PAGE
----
The American Revolution in South Carolina

Quinby's Bridge

July 17, 1781


Patriot Cdr:

Brigadier General
Thomas Sumter
British Cdr:

Lt. Col. John Coates
Killed:

30*
Killed:

6*
Wounded:

30*
Wounded:

38*
Captured:

0*
Captured:

100*
Old District: 

Charles Town District
Present County:

Berkeley County

aka Quinby's Plantation.


A force of British troops, while falling back on Charlestown after abandoning their positions at Moncks Corner, beat off an attack by Patriot cavalry at the bridge. Patriots included Sumter, Marion, and Lee. British 19th Regiment of Foot, led by Lt. Col. John Coates.
Major General Nathanael Greene encouraged collaboration among the various South Carolina Militia and State Troops, but none really wanted any change to the status quo. Some were willing to work with Major General Greene, but some were not even willing to go that far. Being the most senior brigadier general among the existing three, Thomas Sumter was a bit of an arrogant leader that many could not stomach. Over the past ten months or more, several key officers, including several regimental leaders had refused to ever follow him into battle again. After the two engagements at Quinby's Bridge and Shubrick's Plantation, several more would say the same.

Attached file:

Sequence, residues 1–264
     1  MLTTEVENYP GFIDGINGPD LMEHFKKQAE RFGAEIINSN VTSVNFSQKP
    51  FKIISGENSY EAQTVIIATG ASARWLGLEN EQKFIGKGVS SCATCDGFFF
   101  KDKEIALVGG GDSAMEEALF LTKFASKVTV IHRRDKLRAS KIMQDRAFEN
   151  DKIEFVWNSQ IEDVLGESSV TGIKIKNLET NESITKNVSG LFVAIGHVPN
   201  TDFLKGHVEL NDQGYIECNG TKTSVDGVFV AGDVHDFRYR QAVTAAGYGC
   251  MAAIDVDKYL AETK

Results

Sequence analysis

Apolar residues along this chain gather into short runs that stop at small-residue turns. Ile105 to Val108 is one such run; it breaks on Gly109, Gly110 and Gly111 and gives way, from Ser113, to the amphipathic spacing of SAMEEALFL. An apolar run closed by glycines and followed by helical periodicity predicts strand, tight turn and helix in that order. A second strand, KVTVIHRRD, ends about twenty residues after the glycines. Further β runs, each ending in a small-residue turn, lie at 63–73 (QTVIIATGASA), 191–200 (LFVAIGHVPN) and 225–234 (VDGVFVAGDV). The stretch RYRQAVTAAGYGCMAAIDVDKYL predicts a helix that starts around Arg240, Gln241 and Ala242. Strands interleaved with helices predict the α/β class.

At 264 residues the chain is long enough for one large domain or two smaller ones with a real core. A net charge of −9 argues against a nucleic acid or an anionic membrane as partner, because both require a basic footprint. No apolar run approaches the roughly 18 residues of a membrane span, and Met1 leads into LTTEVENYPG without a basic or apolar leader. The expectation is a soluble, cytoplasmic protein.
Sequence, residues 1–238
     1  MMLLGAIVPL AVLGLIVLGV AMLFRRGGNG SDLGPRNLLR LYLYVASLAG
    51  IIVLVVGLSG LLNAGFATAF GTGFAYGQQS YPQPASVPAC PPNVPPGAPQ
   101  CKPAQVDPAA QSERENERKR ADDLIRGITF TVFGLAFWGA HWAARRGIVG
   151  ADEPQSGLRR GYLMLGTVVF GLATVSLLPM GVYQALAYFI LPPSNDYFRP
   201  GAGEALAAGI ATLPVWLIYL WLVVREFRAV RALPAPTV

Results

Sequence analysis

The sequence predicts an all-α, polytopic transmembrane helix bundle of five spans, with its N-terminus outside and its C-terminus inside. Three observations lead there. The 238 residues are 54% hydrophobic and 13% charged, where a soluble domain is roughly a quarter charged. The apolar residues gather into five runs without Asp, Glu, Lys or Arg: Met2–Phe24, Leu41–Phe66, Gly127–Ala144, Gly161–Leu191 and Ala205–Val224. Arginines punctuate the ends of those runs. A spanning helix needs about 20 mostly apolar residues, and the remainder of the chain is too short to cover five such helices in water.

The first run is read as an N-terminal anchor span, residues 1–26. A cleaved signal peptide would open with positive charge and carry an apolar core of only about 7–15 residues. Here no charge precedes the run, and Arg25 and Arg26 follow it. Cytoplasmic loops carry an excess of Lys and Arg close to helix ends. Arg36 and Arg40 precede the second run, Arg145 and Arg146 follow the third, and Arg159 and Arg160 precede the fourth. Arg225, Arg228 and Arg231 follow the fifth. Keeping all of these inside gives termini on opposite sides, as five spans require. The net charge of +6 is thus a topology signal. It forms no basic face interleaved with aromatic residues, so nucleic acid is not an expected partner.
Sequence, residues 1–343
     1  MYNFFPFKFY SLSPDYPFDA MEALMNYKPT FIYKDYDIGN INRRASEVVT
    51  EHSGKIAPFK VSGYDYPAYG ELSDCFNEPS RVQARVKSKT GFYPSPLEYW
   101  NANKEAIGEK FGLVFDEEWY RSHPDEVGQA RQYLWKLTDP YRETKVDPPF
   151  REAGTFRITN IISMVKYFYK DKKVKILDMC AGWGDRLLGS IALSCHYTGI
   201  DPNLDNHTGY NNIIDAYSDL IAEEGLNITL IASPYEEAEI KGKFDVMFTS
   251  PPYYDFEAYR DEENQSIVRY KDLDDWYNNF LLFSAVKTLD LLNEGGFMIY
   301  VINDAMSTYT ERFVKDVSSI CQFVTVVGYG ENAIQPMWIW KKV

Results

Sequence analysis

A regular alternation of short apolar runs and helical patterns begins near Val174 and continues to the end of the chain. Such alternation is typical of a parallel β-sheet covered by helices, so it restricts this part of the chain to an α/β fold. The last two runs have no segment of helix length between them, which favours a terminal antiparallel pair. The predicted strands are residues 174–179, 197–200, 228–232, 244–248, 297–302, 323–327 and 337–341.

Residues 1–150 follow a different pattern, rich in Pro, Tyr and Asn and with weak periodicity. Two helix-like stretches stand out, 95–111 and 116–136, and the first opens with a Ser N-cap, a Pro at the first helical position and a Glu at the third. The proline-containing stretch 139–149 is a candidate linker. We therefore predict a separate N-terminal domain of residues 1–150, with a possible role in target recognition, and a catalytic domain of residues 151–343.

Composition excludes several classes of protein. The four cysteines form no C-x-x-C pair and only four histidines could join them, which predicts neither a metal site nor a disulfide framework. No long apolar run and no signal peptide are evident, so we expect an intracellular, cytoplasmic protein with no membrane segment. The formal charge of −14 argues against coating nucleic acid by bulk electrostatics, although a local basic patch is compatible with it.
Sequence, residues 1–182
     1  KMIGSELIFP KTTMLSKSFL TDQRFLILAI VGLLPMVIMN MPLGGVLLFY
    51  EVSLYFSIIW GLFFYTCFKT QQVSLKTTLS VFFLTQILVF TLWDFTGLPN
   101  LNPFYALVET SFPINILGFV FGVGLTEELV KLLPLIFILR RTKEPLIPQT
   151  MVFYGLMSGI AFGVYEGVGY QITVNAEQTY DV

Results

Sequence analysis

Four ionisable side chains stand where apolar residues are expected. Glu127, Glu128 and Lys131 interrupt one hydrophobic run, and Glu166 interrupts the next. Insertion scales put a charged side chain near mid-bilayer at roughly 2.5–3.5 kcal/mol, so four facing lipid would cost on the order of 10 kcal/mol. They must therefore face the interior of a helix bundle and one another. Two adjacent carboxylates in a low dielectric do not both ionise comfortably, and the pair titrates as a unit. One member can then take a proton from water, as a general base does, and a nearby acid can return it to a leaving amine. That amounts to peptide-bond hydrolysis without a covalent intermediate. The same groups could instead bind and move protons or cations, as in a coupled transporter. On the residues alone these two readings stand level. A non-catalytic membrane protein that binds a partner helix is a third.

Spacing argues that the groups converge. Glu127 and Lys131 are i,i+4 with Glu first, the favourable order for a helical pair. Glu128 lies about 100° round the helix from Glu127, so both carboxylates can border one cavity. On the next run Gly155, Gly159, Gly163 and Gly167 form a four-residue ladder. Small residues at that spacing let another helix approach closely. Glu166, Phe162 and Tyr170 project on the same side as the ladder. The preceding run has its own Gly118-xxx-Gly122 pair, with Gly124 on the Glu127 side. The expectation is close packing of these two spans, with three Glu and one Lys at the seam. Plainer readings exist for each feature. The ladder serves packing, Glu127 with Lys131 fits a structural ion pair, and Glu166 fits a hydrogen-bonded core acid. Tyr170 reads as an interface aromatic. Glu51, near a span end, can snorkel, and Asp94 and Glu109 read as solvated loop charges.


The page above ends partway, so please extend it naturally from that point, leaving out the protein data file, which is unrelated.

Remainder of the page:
Soon after midnight of July 17th, Lt. Col. John Coates left the burning Biggin Church and headed down the Cooper River to Quinby's Bridge, soon followed by Brigadier General Thomas Sumter, Brigadier General Francis Marion, and Lt. Col. Henry Lee with a total of about 550 men. Brigadier General Sumter left his artillery behind with Capt. Singleton so it would not slow him down.

Lt. Col. Henry Lee (VA) and Col. Wade Hampton (SC) led the pursuit until they came to a fork in the road at the Wadboo River. Col. Hampton followed the SC Royalists, which had taken the right-hand route, but his ride was in vain because the Royalist had already crossed the river and secured many boats on the other side.

About a mile north of Quinby's Bridge, a hundred men of the British 19th Regiment of Foot, led by Capt. Colin Campbell, were overtaken by Lt. Col. Lee's Legion. Capt. Campbell deployed his men in line with his left on the road and his right in the woods. Lt. Col. Lee sent Major Joseph Eggleston's 2nd Mounted Troop into the woods to come around the left flank, while the rest of the cavalry formed in close order on the road.